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Low water burdens industry and electricity production

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Heat and lack of rain cause the water levels on the Rhine to drop. The low water could have dramatic consequences for the economy, because the river is one of the most important transport routes in this country.

Drought and heat cause the level of the Rhine to drop. This endangers the supply of coal for the Staudinger power plants in Hesse and Datteln in North Rhine-Westphalia; the energy company Uniper may have to reduce its electricity production in these plants in the next few weeks. The utility announced this week that irregularities in electricity production could occur up to September 7th.

Heat waves and the lack of rain have ensured that the water level in the Rhine has been falling for weeks. In several places it has already fallen below one meter, although the Rhine is on average two meters deep at this time of year. The river, which is more than 1000 kilometers long, carries even more water than three years ago: in October 2018, the lowest water levels ever measured were recorded on the Rhine. Nevertheless, the lows this year are already problematic – also because they are now moving in the direction of the levels of 2018.

The Kaub narrow point near Koblenz is particularly affected: the water level there is only 56 centimeters. Ships need a water depth of 1.5 meters to navigate through this bottleneck with a full load. The bottleneck there is important for inland shipping, especially for the route between Koblenz and Bingen.

Prices have almost quintupled

The Rhine is one of the most important shipping routes in Germany. Raw materials such as grain, chemicals, minerals, coal and oil products are transported on it by cargo ship. It is unclear how long the freighters will be on the Rhine. Because the authorities do not close the river at low tide – unlike at high tide; they leave it up to the shipping companies to decide whether they want to continue sailing the river or not.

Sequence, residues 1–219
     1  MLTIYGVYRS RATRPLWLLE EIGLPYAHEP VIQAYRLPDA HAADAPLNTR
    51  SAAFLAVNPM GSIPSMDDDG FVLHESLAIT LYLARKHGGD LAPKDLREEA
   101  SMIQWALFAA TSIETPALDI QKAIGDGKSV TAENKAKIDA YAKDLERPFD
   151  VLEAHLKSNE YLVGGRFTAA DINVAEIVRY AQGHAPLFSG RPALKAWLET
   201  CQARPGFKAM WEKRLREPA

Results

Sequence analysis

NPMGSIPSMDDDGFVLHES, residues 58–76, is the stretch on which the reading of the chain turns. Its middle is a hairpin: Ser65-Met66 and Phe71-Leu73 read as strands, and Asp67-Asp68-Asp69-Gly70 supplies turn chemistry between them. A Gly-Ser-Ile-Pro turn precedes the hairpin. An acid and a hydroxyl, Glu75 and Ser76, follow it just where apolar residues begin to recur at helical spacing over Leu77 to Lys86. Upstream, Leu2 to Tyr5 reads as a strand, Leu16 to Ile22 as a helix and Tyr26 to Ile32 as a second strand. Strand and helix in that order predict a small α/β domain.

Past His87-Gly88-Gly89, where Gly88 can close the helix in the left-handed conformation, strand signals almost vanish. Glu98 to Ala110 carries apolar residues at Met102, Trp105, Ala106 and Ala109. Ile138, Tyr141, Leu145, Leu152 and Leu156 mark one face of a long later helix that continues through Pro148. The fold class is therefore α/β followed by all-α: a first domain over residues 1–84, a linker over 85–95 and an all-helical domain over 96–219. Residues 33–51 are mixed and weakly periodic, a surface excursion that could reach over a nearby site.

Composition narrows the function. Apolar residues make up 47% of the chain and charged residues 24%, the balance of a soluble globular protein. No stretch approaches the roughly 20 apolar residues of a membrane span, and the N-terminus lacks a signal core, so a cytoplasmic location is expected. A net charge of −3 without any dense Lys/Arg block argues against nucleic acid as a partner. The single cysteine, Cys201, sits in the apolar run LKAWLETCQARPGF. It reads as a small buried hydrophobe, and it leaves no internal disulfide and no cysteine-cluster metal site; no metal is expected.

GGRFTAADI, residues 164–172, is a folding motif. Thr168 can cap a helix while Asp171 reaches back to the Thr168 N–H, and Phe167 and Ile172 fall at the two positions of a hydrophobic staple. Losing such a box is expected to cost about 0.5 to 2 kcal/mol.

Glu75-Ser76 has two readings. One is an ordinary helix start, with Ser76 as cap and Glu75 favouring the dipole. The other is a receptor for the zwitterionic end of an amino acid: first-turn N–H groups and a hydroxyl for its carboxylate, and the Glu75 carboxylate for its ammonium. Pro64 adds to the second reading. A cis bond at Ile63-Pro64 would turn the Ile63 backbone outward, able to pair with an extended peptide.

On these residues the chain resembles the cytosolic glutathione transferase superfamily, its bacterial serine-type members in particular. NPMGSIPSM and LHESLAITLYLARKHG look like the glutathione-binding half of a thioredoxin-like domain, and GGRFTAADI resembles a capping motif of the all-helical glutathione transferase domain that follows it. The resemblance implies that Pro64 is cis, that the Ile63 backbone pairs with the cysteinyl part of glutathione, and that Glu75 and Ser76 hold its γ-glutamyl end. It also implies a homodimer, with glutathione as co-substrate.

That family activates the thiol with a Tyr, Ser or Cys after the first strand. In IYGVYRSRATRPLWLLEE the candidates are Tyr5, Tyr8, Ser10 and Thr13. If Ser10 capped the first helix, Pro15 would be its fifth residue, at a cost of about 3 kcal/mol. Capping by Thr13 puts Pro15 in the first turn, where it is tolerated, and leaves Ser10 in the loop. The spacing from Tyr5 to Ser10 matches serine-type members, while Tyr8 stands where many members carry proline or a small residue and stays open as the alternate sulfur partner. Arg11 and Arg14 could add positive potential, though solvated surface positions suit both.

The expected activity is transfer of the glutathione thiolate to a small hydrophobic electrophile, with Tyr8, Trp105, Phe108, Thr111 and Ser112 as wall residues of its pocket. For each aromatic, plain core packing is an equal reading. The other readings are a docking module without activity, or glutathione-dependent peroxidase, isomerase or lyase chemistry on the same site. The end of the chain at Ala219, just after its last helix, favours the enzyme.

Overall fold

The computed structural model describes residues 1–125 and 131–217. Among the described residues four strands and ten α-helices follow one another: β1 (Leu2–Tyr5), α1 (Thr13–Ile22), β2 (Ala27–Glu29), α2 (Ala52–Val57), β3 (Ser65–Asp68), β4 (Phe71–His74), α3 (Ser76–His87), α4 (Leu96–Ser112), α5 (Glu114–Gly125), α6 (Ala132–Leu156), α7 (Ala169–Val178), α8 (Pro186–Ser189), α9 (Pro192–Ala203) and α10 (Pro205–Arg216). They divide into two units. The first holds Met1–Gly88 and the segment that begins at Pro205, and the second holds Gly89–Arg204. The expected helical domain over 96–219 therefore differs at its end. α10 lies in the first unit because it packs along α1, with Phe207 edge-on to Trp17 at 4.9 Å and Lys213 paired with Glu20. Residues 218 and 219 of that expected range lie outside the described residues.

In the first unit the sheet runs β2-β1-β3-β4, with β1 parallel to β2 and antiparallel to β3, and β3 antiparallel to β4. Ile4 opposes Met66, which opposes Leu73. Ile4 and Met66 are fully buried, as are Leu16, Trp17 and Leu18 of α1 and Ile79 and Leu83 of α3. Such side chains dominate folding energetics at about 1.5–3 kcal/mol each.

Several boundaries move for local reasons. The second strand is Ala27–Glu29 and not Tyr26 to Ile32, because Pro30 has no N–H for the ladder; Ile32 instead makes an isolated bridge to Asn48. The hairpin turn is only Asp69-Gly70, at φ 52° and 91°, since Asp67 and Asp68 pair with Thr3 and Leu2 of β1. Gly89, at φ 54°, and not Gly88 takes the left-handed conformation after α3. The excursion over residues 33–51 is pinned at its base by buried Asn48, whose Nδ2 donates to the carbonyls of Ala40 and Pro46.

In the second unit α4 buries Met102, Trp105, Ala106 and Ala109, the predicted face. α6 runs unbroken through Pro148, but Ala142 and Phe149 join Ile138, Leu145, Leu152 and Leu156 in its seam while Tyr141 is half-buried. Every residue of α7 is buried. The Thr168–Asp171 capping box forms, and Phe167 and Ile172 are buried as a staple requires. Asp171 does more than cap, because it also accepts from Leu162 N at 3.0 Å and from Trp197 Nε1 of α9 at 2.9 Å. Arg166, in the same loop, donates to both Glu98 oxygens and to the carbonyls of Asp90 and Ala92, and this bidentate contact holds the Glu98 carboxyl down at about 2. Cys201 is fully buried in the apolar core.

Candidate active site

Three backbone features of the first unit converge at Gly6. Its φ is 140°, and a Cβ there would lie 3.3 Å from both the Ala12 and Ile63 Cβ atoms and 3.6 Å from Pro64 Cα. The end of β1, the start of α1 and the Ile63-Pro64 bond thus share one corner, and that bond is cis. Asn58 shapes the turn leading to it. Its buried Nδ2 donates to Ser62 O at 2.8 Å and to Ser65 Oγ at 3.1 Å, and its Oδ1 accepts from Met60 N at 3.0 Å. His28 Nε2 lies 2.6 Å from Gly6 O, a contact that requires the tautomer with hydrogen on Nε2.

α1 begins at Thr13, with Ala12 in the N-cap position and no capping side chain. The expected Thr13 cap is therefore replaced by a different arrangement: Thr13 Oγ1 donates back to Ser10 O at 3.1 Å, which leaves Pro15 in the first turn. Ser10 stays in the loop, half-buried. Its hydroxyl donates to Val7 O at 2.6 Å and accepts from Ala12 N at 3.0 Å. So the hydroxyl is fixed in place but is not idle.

“We continue, but can only load about 25 to 35 percent of the ship’s capacity,” said the director of the shipping cooperative DTG, Roberto Spranzi. DTG operates around 100 ships on the Rhine. “This means that customers often need three ships to transport their cargo – instead of just one.”

For companies that depend on transport by ship, this means significantly higher costs: The spot prices for a liquid tanker from Rotterdam to Karlsruhe, south of Kaub, rose to around 94 euros per tonne. In June, the price per ton was around 20 euros.

Levels should continue to fall

And it could get even more dramatic. Water levels of between 30 and 35 centimeters are expected in Kaub in the coming weeks. Some ship types can then no longer pass through the bottleneck. The companies along the transport route are therefore on the alert: According to its own statements, the steel company Thyssenkrupp has taken various measures because of the low water. “Our raw material requirements are currently secured on this basis,” says the group.

The chemical group Evonik explained that production is running: “At Evonik, there are currently no significant restrictions on our logistics chains due to low water levels in the Rhine.” Wherever it makes sense and is technically possible, Evonik takes precautions, for example by stocking raw materials.

Nuclear power plants in Switzerland affected

The situation is already problematic in Switzerland. There, the low water level and the associated rising temperatures of the Aare, a tributary of the Rhine, are already affecting electricity production in the nuclear power plants. Because the systems actually take cooling water from the rivers, but it is already so warm that the ecosystem is impaired. Therefore, the river must not be additionally heated by the operation of the nuclear power plant. The energy company Axpo therefore has to reduce production at the Beznau nuclear power plant by half.

The low water levels in the Rhine not only have an impact on the economy, but also on the environment. The concentration of pollutants increases and the temperature of the Rhine rises. This can be life-threatening, especially for native fish species.